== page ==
RESCUE WATER CRAFT BATTERY ISSUES
Rescue Water Craft batteries require your constant attention. Battery inspection needs to be a daily feature in your pre and post operations inspection.
It is only avoidable if there is knowledge. So now in the aftermath of discovery it is avoidable if the knowledge is retained. Before this it is just 'learning'.
That's a dead short you are looking at in the images above. It is the result of way too much current flow. How do you know that? The posts are molten where your cables would have been connected. That is one way to explode a battery, and could become a very dangerous situation quickly.
The Rescue Water Craft fuses should have helped to prevent an explosion. It would be important in these instances to inspect your fuses ASAP.
First off you need to refer to the make, model and year of production of your Rescue Water Craft and adhere to the manufacturer’s recommendations.
Is there too much slack in the lead wires or the battery strap harness inside the RWC while operating with this battery?
Is it missing the traction pad below it rests on? Is it the right type of battery?
Did this happen inside the Rescue Water Craft or was the battery brand new and being charged for use?
Loose battery connections on the lead cables create resistance and turn into ‘heat’. If the cable was not tightened enough it could create resistance for the battery when it tries to bridge the gap and arcs with a high heat. There should be no white powder on the terminals and they should not move when touched and tugged to see if the posts swivel or move.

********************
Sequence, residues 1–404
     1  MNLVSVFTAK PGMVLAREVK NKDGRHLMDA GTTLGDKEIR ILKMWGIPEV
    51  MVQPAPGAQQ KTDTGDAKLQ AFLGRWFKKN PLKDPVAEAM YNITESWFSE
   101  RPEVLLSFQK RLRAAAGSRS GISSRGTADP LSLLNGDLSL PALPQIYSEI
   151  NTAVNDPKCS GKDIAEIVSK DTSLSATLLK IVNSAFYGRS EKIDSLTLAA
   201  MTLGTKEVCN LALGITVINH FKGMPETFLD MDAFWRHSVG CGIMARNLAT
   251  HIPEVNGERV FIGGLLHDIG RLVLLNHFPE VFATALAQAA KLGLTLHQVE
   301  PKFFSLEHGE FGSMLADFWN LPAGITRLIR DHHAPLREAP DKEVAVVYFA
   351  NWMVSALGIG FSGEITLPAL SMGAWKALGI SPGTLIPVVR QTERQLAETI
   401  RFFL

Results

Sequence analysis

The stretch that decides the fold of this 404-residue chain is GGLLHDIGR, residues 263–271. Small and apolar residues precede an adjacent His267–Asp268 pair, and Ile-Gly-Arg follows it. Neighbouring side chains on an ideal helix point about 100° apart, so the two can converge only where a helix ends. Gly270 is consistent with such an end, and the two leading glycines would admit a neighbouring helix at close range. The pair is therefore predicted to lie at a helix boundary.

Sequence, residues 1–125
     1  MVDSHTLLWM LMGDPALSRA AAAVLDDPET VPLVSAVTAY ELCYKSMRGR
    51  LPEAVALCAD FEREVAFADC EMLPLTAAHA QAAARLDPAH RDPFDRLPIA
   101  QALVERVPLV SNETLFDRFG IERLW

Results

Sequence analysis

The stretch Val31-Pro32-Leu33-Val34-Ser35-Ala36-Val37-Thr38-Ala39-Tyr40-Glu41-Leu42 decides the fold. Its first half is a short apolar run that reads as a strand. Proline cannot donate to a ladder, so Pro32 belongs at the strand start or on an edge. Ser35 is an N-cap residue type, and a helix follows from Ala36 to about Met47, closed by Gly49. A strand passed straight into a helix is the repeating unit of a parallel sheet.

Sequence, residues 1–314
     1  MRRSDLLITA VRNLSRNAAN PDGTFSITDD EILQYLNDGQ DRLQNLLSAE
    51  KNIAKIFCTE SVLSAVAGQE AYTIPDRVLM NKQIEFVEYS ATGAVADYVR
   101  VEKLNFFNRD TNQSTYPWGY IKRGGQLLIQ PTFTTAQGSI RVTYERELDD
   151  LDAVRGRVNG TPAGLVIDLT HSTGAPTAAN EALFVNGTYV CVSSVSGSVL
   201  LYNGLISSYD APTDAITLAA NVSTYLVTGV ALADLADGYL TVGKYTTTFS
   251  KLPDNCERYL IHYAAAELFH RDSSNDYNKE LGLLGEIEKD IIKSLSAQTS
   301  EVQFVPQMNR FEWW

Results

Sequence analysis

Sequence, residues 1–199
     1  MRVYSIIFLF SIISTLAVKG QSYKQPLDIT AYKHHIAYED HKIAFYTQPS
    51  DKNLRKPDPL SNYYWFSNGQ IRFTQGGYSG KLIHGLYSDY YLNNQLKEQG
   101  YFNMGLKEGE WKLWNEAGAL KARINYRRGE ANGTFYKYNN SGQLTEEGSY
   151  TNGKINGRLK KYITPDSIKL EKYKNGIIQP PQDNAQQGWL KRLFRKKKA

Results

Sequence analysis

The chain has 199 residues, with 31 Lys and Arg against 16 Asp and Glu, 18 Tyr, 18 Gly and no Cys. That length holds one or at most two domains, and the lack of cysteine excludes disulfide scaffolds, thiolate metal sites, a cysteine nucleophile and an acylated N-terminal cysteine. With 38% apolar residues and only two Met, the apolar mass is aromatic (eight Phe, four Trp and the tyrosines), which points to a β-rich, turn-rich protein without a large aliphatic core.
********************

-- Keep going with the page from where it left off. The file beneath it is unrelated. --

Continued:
Tight terminals are a must, as are using an inspection daily check list post and pre-ops. Be consistent, its a bad deal when problems come your way when you are out on the water. It's better to catch them while the RWC is on the trailer. Don't splash your RWC until you are 100% seaworthy.
HINT: do not use a screwdriver, use a ratchet with a properly sized socket to adjust the Pos/Neg cables!
With a loose connection the wires which are small and the load is high, what does that mean? If a battery is loose inside a Rescue Water Craft, such as the straps are connected improperly or using the wrong strap sizes or one broke free or the battery size is wrong and does not fit into the stock tray, problems are imminent.
Take a close look at the battery tray location. Does your battery shape fit fully in the tray? If not, consider heading back to a stock battery, saving money is not gonna happen in this situation.
If the battery is the right size the straps may be problematic. Friction and movement of the battery can be an issue causing the wire connections to crack or fracture and this is the kind of a situation that can cause sparks. If the battery is bouncing around those sparks are like the same heat as an arc welder. A bad situation is at hand and fully preventable.
Or you could have a short inside the battery. Even a partial short and/or poor connection on the terminals can create significant problems. In these images it looks like the pos side had a meltdown.
This kind of a situation can create other problems such as the relay or starter motor engine could have experienced damage.
Vents and Distilled Water
Never jump a Rescue Water Craft from another running vehicle or charger, it will feed more amps into the system and can damage or destroy the MPEM or ECU units.
Also if jumping the battery, make sure you are using the right size cables, you need the smaller cables, larger ones will not correlate with the proper amperage, and would be a wasted attempt.
I would definitely inspect the fuse and the leads pos/neg cables for rust or corrosion. Sometimes this happens when people jump their RWC batteries off a vehicle that is running, which should NEVER be done. Our Rescue Water Craft are not set up to run the amps and voltage beyond 2.5 amps in their system, this can be very destructive.